“Frustrated, overwhelmed, stressed, anxious; not words I thought I’d be using to describe my first few post-partum weeks. I’ll be honest, I thought that I’d be breezing through them, what with it being my second baby – no surprises, breastfeeding technique already practised and perfected, support network (husband, parents, nanny) pre-organised. But I’ve been totally bowled over by just how hard I’ve found it, adjusting to a new baby again – the sleepless nights, the fear of the c-section scar bursting open (had forgotten about that particular mental horror!), being cooped up in the bedroom whilst the sounds of life continuing as normal can just be heard through the closed door… People telling you to “sleep when the baby sleeps” but not realising what it does to you, to your mental state, to be awake on your own all night and then to sleep all day. To basically have no real human contact, apart from with a tiny, beautiful creature who only knows how to voice his disapproval and has no way of saying “well done Mum! You’re keeping me alive and I really, really appreciate it.”

On some days, (usually when there’s been sleep the night before) I feel as though I could genuinely conquer the world. I make lists as I do the first breastfeed of the morning – I plan activities to do with Angelica, I look at ideas for meals I might cook her and search the internet for Tumble Tot timetables and swimming lesson details. I draft blog posts, eat hummus and salad instead of desperately wolfing down chocolate and biscuits, I think to myself, you’ve got this. This mothering thing. Who the hell said it was hard?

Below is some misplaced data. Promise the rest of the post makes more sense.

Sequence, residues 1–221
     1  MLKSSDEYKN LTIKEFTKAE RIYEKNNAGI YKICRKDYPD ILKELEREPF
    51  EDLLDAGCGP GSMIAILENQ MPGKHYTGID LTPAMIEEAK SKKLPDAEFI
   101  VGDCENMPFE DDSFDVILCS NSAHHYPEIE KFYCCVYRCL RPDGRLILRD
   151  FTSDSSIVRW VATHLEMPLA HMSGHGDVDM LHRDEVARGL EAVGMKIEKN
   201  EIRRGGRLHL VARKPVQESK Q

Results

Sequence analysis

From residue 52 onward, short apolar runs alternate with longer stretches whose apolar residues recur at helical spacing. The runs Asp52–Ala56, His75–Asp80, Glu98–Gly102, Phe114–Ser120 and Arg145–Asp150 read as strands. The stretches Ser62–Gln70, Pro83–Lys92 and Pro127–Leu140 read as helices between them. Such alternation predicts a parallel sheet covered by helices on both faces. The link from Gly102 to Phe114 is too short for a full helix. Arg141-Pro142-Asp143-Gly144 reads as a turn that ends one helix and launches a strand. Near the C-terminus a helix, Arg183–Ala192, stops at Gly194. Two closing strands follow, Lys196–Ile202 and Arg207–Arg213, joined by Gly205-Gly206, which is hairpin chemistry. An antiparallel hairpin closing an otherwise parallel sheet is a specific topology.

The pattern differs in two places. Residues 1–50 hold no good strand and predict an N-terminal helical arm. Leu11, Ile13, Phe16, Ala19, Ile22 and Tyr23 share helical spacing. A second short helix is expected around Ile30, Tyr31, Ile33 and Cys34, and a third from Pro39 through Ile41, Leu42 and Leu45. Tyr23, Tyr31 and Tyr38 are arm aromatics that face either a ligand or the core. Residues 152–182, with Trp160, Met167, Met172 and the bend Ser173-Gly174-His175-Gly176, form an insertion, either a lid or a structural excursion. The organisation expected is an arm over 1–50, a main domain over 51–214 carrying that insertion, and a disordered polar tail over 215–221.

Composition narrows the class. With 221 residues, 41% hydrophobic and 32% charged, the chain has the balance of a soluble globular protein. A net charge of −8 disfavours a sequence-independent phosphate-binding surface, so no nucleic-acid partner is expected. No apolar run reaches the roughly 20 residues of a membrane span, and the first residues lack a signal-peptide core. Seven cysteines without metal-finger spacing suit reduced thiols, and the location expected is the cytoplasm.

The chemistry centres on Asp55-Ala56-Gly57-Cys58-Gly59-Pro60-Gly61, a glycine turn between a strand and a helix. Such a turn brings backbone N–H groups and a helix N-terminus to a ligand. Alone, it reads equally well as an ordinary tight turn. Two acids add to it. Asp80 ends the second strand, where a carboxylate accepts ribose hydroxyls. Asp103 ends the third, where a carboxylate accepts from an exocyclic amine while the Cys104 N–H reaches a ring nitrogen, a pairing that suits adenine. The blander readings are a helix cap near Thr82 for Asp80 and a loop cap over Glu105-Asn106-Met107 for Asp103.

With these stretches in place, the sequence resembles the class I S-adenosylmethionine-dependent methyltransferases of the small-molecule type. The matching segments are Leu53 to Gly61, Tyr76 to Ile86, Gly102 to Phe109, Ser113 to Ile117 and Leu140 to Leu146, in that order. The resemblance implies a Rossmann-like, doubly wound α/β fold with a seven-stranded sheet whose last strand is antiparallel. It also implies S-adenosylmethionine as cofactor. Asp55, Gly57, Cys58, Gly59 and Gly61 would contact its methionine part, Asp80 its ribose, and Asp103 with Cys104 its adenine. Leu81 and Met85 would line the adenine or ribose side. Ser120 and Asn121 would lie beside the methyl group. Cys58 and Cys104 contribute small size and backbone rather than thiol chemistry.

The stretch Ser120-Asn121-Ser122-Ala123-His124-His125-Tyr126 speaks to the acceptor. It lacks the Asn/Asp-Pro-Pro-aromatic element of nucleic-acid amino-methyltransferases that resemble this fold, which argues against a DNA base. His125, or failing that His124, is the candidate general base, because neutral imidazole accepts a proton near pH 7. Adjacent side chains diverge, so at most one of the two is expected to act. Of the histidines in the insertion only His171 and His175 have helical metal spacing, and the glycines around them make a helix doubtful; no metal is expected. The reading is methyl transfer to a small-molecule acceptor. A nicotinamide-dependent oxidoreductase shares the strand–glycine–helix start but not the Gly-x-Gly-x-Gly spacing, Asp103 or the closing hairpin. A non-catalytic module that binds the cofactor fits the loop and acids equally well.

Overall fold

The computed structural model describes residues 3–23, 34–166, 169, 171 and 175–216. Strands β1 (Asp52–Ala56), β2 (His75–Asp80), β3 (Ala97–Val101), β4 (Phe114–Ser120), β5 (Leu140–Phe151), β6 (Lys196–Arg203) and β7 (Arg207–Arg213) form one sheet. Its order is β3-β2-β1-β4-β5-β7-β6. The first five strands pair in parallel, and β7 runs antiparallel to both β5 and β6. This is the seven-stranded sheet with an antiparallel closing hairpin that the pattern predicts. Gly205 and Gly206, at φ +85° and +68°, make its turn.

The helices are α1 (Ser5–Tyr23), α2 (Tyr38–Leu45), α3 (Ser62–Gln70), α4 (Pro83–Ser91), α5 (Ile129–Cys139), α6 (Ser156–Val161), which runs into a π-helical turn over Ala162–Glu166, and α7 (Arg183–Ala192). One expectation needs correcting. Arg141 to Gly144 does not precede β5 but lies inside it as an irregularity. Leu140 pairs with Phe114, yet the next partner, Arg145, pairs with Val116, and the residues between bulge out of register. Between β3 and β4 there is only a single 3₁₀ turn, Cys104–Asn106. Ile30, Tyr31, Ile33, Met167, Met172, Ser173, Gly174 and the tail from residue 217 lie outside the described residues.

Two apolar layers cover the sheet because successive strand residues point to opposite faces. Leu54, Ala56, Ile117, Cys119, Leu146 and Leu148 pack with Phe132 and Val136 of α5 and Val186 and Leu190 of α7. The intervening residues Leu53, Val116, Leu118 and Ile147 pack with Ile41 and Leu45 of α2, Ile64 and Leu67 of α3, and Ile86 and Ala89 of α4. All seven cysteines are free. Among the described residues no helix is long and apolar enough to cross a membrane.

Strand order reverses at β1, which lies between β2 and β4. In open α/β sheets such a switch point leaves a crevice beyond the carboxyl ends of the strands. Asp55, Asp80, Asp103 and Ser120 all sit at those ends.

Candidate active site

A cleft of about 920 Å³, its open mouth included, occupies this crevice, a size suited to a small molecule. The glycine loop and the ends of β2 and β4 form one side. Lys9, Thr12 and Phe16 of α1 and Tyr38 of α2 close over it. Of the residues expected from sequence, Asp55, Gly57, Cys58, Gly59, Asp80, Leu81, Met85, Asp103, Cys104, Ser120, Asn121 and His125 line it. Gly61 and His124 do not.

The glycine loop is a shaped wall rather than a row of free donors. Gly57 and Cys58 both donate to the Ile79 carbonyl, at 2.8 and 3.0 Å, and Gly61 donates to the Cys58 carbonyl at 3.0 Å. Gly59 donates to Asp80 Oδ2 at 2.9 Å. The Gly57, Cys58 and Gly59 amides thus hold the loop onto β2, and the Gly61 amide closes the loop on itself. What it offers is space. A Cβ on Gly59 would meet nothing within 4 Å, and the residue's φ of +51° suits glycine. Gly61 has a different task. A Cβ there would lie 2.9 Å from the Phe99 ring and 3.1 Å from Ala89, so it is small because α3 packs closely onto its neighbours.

That’s usually at around 8am, but by 10am I’ve crashed out – tired, weepy, c-section scar smarting, boobs leaking milk, hearing Angelica having fun but too exhausted to heave myself out of bed and join in. Was it this hard the first time around? I didn’t even have a place to live, for Angelica’s first three or four months! Surely that must have been more stressful? But I think that I took the recovery in my stride because I didn’t know what to expect – leaking milk, blood, whatever else and basically living in a half-awake stupor, getting through one hour at a time, I had no real expectations and hadn’t set myself any goals. This time, I think I set the bar too high – I imagined myself going out with the double pram after a week or so, sitting in a cafe or at Pizza Express, I thought that the baby would sleep for three hours, feed for one, in a regular pattern.